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Should you get a cat gate?

If you have a mischievous cat who likes to get into things they shouldn’t, are introducing a new pet into the home, or just want to give your cat some space of their own, a cat gate could be the solution to these and dozens of other situations. Using a cat gate indoors can increase the safety and the versatility of your home, helping to keep your cat healthy and happy. While gates are often used for dogs, they also play an important role for cats, too.

Orange cat looking through the holes of a gate

Reasons to get a cat gate

You can put a cat gate to use in your home in many different ways. A gate can help to keep your cat out of an area that’s dangerous or that you don’t want them in. It is recommended when you are kitten proofing your home. By putting a gate in a doorway, you can leave a door open for ventilation, heat circulation, or just to keep the spaces feeling more connected. A gate can also be a practical solution for areas where you don’t have a door to close, and many pet owners put pet gates around Christmas trees, fireplaces, and other heating elements.

Gates also play important roles in helping to separate your furry family animals. Using a pet gate can give your cat some space in the home exclusively, so they can retreat away from the family dog when some quiet time is needed. Installing pet gates in doorways can allow a new pet to meet your current pets with a safe barrier between them. This setup can make for safer and more gradual introductions.

Pros and cons of cat gates

Cat gates definitely have their advantages and disadvantages. With any gate, you’re creating a barrier in your home that you’ll need to navigate. Many gates now come equipped with swinging doors, so you can step through them, rather than over them. Still, these doors will require that you have a free hand to open them. If you have small children in the home, a parent will need to be available to open the gate each time they pass through. This can also be a benefit, though, since it can potentially help to keep kids out of areas, too.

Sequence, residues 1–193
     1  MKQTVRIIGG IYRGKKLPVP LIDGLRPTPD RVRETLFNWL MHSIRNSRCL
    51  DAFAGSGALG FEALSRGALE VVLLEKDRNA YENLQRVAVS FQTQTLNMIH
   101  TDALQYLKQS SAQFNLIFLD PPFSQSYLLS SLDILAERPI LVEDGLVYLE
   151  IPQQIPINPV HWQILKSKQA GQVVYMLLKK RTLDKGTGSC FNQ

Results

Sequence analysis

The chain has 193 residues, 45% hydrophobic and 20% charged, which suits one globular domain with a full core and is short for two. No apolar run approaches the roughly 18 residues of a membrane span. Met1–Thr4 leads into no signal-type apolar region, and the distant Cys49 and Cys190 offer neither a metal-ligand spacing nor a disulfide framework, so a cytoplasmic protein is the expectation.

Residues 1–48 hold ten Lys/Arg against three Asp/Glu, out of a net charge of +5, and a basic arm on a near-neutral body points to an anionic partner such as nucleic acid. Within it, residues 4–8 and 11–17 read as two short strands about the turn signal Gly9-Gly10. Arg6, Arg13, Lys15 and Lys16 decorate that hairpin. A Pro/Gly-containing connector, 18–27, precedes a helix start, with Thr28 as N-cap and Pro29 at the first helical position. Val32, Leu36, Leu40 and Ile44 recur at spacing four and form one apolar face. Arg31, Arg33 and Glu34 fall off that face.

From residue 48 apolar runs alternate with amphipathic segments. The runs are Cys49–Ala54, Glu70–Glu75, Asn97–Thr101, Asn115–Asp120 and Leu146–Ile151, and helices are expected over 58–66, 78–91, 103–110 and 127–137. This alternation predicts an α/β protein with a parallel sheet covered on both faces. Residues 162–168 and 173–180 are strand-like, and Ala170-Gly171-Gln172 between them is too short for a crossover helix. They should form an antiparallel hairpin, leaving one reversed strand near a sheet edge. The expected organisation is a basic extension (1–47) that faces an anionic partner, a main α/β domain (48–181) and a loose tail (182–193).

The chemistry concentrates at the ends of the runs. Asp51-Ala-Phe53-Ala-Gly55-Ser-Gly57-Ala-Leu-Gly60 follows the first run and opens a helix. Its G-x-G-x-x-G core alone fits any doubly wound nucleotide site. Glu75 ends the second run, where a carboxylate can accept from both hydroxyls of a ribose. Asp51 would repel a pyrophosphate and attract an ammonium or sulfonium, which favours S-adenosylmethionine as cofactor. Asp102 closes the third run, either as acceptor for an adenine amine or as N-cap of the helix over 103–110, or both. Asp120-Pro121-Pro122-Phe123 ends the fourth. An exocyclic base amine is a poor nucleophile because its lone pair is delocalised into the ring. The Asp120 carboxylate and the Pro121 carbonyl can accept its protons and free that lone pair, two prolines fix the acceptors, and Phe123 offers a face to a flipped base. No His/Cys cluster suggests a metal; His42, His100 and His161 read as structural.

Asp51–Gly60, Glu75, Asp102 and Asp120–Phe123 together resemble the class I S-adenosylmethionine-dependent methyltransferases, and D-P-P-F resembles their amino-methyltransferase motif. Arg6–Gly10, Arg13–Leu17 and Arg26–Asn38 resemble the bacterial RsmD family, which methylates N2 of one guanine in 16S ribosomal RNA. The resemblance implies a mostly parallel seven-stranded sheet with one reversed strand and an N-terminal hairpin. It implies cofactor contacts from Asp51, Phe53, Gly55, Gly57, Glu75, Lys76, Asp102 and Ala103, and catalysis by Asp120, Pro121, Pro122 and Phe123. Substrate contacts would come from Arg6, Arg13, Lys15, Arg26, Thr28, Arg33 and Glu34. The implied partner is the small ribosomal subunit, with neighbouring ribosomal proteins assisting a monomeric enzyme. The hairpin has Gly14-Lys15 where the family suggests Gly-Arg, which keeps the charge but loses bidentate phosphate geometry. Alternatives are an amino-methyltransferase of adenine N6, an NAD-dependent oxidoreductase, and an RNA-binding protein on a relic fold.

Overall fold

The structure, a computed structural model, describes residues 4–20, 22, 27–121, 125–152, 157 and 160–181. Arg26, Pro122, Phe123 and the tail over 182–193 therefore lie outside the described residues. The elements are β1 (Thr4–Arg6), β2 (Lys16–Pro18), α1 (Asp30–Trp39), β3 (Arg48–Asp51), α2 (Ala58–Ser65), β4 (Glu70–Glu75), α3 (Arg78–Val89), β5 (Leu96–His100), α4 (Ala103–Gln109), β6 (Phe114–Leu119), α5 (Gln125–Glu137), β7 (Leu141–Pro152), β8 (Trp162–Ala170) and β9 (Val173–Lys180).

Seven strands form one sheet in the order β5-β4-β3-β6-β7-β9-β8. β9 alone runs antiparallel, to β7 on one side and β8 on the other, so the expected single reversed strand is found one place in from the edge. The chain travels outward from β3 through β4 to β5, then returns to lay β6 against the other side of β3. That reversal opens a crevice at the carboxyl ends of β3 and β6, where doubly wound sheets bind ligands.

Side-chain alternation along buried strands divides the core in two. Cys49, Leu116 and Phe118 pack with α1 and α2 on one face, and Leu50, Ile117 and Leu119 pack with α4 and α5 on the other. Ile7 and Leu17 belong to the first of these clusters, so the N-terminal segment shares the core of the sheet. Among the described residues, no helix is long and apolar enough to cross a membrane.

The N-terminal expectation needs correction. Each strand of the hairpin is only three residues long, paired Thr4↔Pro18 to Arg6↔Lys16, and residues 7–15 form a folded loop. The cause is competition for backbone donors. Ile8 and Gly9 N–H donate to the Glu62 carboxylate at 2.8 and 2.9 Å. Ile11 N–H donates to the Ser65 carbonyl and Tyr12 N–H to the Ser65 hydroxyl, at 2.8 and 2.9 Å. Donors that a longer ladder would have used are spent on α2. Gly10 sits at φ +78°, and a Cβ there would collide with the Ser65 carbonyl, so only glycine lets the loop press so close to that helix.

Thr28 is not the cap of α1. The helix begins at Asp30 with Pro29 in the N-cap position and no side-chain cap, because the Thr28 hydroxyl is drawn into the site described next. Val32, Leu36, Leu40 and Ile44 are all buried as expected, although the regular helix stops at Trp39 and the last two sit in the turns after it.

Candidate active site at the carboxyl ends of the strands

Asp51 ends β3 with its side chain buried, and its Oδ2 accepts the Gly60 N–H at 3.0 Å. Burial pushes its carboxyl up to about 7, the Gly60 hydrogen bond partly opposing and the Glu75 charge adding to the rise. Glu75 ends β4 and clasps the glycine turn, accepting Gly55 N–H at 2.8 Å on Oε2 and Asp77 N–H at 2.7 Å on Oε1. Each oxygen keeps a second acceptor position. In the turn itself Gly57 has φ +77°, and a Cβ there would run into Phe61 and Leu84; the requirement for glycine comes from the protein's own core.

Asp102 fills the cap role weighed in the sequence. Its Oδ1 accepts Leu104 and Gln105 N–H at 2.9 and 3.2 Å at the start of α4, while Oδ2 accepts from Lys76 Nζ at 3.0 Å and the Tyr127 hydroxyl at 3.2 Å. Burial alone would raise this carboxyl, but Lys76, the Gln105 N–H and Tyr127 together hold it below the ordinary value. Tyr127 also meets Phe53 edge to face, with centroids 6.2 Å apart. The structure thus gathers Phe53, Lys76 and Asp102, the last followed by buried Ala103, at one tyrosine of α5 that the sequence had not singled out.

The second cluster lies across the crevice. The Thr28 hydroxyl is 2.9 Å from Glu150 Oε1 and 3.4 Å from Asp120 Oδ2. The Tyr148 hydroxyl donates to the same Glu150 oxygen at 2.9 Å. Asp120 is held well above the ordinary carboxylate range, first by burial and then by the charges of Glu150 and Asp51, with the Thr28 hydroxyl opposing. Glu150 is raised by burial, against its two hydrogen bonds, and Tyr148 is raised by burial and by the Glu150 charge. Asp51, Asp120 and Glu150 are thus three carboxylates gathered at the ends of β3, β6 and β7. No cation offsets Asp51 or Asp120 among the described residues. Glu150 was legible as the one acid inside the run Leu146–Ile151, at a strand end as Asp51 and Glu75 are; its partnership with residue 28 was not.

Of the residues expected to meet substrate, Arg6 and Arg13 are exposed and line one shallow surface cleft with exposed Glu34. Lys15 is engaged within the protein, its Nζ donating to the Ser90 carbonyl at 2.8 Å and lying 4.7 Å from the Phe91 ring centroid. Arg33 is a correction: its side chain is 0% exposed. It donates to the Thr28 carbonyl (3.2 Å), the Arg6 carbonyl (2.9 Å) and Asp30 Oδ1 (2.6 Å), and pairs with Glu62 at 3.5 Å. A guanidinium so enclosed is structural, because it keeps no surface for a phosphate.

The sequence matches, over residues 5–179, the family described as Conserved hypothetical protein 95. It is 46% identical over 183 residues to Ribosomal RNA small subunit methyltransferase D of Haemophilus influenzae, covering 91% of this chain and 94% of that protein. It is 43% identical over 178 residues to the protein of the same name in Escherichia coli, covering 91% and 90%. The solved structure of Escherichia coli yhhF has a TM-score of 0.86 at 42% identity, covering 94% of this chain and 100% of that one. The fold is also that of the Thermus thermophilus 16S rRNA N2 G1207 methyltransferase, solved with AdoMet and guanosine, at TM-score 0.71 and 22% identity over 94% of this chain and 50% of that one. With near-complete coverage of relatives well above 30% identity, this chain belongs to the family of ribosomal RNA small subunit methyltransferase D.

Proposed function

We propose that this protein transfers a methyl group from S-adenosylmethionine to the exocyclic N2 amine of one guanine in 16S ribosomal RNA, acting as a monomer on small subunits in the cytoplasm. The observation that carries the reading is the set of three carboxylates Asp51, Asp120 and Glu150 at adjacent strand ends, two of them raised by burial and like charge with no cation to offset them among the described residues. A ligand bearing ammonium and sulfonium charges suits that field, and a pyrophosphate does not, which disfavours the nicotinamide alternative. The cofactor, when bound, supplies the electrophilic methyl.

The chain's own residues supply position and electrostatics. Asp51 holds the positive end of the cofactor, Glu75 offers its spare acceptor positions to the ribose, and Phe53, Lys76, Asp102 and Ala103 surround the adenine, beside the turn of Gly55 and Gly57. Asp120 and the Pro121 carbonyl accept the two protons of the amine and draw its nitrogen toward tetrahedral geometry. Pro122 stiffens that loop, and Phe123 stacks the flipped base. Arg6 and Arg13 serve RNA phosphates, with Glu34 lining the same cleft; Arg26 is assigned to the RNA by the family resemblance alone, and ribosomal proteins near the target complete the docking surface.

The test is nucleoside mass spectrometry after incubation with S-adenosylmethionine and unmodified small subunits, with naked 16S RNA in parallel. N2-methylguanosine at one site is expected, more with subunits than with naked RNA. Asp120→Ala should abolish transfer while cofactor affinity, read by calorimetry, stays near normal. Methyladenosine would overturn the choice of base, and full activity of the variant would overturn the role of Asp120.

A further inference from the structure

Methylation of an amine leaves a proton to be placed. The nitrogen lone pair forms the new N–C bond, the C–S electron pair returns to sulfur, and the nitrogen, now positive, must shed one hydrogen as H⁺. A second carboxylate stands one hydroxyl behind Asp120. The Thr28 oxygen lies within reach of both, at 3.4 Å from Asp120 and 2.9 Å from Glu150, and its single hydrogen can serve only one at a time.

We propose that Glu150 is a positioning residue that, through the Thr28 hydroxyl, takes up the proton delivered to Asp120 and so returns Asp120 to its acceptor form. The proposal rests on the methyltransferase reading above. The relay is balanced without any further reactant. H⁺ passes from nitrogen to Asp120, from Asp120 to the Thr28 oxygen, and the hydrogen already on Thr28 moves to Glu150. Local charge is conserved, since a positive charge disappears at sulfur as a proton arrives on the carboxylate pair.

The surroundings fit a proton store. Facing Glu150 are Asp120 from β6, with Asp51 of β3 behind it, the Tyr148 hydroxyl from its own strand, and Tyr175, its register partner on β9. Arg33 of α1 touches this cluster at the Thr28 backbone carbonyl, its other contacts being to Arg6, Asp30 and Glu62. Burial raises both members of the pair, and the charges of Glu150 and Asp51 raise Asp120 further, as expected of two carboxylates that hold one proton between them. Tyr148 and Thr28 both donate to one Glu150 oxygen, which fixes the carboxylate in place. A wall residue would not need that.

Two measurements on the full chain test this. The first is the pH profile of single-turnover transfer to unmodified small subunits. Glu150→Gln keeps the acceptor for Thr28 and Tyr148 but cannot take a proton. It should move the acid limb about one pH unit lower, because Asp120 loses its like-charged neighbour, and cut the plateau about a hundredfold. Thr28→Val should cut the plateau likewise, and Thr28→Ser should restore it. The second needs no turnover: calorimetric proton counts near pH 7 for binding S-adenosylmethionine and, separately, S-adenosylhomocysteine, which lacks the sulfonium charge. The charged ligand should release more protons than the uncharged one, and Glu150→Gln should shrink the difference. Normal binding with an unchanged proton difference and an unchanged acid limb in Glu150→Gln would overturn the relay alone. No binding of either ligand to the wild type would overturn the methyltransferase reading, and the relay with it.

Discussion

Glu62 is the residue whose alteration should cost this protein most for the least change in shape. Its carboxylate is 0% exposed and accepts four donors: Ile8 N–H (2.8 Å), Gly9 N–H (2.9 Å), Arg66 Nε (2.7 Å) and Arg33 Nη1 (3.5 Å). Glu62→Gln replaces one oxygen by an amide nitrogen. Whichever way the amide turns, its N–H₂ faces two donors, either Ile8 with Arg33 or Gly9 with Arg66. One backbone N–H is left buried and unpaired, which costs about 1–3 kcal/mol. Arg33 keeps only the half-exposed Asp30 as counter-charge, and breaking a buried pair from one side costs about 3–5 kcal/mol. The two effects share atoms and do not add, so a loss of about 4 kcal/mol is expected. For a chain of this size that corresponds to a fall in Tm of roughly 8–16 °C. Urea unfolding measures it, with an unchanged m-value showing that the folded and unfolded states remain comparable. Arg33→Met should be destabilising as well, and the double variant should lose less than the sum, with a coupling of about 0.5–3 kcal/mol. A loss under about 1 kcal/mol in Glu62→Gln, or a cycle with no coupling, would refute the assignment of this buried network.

If you’re using a gate to prevent a dog from accessing your cat’s space, then a single gate in a doorway may be all you’ll need. But cats have the advantage of being able to jump and climb, and that can pose a challenge with gates that are only a few feet tall. Depending on your cat’s athleticism and determination, he may jump right over a gate, meaning that you have to install multiple gates vertically in a doorway to truly keep your cat out of an area.

Cat gates will also have a visual impact on your home. Some homeowners don’t think they’re aesthetically pleasing, but there are also beautiful wooden gates available that coordinate with many home-decor schemes.

Choosing the right cat gate

When choosing a cat gate for your home, consider factors like:

  • Whether you need to prevent your cat from climbing or jumping over the gate
  • Whether the gate is in an area you frequently pass through, and if a gate with a door within it would be helpful
  • The size of the space that you need the gate to fit, as well as the desired gate height
  • The overall aesthetic that you want the gate to have
  • The type of installation you desire
  • The size of other pets in your home and the strength that a gate will need to have
  • Whether you want the gate to be made of any certain materials, like eco-friendly bamboo

It’s also important to consider how you’ll be using the gate. Freestanding gates can be used to surround and block off smaller objects or areas. They also don’t require any sort of installation. These types of gates are easily portable, but they won’t provide the type of secure barrier that could keep an excited dog or a small child from being able to get through a doorway or into a stairwell. If you’re looking for a cat gate for stairs, a sturdy gate that mounts into a doorframe will be a better bet.

There are many factors to think about when choosing a cat gate for your home. By carefully planning your purchase and considering the different ways you might use the gate, both now and in the future, you can ensure that you buy the gate that’s right for your needs — and that’s right for your cat, too.

Editors' Recommendations

Paige Cerulli
Former Digital Trends Contributor
Paige's work has appeared in American Veterinarian, Business Insider, Healthline, and more. When she's not writing, Paige…
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